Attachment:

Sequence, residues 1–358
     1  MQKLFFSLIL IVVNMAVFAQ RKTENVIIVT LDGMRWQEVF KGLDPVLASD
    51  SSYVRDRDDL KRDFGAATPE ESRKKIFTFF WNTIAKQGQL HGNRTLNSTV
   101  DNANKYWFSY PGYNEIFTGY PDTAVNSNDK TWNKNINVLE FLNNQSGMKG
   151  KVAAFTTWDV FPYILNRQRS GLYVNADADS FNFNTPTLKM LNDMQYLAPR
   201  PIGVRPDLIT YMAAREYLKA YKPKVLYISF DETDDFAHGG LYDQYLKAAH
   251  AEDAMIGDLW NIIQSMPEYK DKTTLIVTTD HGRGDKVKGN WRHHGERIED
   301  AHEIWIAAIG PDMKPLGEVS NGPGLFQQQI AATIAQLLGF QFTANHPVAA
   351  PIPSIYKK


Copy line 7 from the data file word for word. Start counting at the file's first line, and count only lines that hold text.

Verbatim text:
   251  AEDAMIGDLW NIIQSMPEYK DKTTLIVTTD HGRGDKVKGN WRHHGERIED